Saturday, April 14, 2018

Review: Before I Let Go by Marieke Nijkamp

Title: Before I Let Go
Author: Marieke Nijkamp
Year Published: 2018


Genre: YA fiction
Pages: 349
Rating: 4 out of 5

Location (my 2018 Google Reading map)USA (AK)

FTC Disclosure: I bought this book with my own money


Summary (from the inside flap of the book): She was my best friend, my everything. And I lost her.

Corey and Kyra didn't fit in with the other kids in their small Alaskan town, but they fit together. And they were inseparable. So when Corey's family has to move away, she makes Kyra promise to stay strong during the long, dark winter. To wait for her return.

Except days before Corey is to visit, Kyra dies. Corey is devastated--and confused. The entire community speaks in hushed tones about the town's lost daughter, saying her death was meant to be. And they push Corey away like she's a stranger.

Corey knows something is wrong. Lost is keeping secrets. Chilling secrets. But piecing together the truth about what happened to her best friend is as difficult as lighting the sky in an Alaskan winter...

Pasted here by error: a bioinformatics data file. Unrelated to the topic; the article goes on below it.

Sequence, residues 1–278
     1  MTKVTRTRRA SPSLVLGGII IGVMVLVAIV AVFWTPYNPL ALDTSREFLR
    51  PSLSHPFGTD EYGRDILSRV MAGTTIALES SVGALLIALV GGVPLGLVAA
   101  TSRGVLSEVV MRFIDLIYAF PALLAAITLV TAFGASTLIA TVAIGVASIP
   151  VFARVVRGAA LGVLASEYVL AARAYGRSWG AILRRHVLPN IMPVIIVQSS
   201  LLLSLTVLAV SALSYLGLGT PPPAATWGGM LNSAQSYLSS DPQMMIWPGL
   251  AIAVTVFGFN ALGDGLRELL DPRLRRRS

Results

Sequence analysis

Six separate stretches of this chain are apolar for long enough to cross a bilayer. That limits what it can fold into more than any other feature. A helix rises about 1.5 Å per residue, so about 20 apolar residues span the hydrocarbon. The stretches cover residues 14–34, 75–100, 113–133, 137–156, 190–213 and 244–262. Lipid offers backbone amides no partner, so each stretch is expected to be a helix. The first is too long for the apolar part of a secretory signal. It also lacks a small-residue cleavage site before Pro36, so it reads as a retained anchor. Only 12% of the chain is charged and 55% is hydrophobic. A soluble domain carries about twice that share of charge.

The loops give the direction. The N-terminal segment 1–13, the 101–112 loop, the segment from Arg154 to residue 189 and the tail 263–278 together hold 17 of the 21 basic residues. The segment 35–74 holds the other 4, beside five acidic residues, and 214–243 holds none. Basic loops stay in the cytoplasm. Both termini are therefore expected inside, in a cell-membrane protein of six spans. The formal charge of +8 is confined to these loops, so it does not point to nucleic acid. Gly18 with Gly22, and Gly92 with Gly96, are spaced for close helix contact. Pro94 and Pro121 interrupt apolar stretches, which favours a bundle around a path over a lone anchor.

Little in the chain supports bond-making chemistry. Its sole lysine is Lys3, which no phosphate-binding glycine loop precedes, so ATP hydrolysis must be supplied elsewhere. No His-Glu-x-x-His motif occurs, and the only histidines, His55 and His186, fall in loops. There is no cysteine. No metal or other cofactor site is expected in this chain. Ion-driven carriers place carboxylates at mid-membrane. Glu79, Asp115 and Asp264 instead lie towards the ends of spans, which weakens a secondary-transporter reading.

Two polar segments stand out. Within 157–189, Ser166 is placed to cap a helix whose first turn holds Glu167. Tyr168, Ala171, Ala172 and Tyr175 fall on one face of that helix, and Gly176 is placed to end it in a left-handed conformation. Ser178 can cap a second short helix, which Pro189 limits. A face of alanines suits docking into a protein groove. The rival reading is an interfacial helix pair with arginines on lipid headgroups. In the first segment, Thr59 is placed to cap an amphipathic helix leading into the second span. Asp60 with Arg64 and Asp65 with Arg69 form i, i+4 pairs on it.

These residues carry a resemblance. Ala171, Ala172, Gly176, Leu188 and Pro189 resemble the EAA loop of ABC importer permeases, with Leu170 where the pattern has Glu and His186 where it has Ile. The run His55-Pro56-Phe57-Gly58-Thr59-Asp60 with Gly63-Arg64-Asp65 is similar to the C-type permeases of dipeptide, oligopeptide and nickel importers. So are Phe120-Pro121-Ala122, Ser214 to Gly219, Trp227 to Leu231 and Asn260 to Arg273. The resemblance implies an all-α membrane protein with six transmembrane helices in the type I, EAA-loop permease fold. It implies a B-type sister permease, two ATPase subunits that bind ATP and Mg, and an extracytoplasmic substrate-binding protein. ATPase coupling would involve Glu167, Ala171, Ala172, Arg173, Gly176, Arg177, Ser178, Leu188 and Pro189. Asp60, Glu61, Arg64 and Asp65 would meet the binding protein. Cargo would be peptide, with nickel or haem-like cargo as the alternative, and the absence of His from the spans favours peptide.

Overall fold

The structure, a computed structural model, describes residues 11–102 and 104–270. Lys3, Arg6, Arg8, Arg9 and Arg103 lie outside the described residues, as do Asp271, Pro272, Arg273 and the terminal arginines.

Review: I bought this at the same time as This is Where It Ends, also by Nijkamp, which I reviewed last week with a strong review. This book wasn't as successful for me even though I thought it was good. In fact, at first this book didn't work for me because it has some magical realism and for me, that's a turn off. But something made me keep reading and in the second half I kept turning the pages to find out what happens, to see if more was revealed about Kyra's life. And it was.

Corey and Kyra's friendship isn't anything unusual; they are best friends who promise to stay in touch when Corey leaves. But they don't. Kyra writes letters that aren't always sent and Corey doesn't reply. Kyra's bi-polar diagnosis confuses and scares the town of Lost; they don't know what to do with her. And so they ignore her. Or so it was before Corey moved away.

But when Corey's arrival in Lost she comes to find that Kyra became a prophet-like character for the citizens of Lost, they locked her away, but wanted too much from her. It's definitely an odd story, one that is filled with fear, mental illness, friendship, secrets, and the idea of "other." There is also grief. So much grief. I think it's an important story to tell: how does mental illness affect the person, their family, their small town, their friendships? How can we help those who suffer be happy? I am so glad that the author lists resources at the back of the book.

Challenges for which this counts: 



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